Indicators could include reduced concentration and drive, depression, anxiety, mood swings, sleep disturbances, deterioration at work and school, deterioration in personal hygiene, irrational or fearful responses, language change (some words don't make sense), a feeling of being watched, excesses in certain activities, delusions. They will often withdraw from others, wanting to be alone.

After the early onset of symptoms related to psychosis, how quickly do other conditions potentially develop?

Gratzer: It depends on what the underlying illnesses are. There might be an early indicator if somebody takes very strong pain medications and they get psychotic symptoms. They may be feeling pain, then they take a few Percocet because that's what the doctor prescribed them and suddenly they're just not feeling great and the start getting irrational thoughts, which could be an indication of schizophrenia.

Sometimes, it shows up very suddenly that somebody might have some paranoid ideas for a couple of days, and then it goes away.

We speak quite broadly of psychosis, obviously informed by the [recent] news, but we need to be a little bit careful about it. It's a little bit like when we talk about shortness of breath. Shortness of breath may be because somebody has asthma and it's a very hazy day, so they might have difficulty breathing and shortness of breath. But someone could have also run up two flights of stairs to get to a meeting and they're out of breath. Episodes of psychosis might not always be an indication of an ongoing condition.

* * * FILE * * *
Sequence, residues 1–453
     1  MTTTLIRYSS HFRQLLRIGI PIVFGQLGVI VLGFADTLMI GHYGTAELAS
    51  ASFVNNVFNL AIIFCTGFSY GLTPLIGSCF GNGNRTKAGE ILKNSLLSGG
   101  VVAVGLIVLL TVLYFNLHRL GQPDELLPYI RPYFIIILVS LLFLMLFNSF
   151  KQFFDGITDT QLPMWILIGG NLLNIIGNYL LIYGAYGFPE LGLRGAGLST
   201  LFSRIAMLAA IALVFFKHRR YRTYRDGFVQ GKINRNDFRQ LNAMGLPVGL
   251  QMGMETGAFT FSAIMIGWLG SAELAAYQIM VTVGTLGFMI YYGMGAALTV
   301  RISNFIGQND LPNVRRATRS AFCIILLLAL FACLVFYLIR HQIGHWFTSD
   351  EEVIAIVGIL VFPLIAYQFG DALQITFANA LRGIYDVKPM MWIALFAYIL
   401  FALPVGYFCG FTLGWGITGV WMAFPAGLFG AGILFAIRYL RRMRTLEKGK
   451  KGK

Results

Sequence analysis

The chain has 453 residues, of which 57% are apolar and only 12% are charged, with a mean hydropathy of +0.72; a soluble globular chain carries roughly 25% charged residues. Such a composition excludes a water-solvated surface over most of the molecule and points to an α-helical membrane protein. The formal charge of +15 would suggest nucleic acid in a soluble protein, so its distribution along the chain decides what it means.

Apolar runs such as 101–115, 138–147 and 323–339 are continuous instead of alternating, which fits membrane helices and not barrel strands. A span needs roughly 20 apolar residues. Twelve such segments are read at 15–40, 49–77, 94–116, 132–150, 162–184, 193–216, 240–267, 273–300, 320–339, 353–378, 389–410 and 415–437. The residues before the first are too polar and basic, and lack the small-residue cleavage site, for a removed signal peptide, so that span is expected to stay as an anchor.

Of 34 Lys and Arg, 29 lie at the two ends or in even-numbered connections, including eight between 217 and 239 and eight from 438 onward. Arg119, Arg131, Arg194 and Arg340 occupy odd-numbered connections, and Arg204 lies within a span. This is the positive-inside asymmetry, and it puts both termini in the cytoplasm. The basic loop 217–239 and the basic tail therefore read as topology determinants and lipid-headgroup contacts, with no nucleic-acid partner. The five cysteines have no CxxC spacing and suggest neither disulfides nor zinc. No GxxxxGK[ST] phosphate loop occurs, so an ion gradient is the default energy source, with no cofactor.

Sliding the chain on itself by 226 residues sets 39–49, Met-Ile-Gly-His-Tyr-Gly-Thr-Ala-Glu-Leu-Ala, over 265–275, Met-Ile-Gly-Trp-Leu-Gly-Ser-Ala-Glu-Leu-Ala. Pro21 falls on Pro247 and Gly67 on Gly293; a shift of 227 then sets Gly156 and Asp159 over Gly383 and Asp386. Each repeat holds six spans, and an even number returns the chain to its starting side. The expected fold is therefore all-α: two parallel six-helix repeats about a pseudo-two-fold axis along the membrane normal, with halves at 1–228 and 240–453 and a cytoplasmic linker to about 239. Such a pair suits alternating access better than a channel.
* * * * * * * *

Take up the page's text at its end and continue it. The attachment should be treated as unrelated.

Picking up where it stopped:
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A link is often made between mental health and violent incidents — is there, in fact, a link?

Fillion: Psychosis, although it may involve rage, is not synonymous to rage. People that suffer from a psychotic brain are often paranoid and fearful and seem to want to protect themselves, to push pain away, to stop the hurt.

Gratzer: A lot of us have watched the movie "Psycho," and so we're lead to believe that if someone has psychosis, they're violent. Let's bring things back to reality, because life is a lot less interesting than Hollywood movies. The vast majority of people with serious mental illness are not violent, don't harbour any major anger or resentment and don't pose a danger to others.

However, if someone does have underlying mental health conditions and if they're untreated and/or they don't have access to care, psychosis could lead to acts of violence. But again, that's the minority.

We need to help people understand that it's not actually mental health issues that will always lead to something like this. The prevalence of somebody with schizophrenia, psychosis and health issues and the the likelihood of acting out violently is low. Studies show that, actually, people with mental illness are much more likely to be a victim of violence than to be a perpetrator of violence.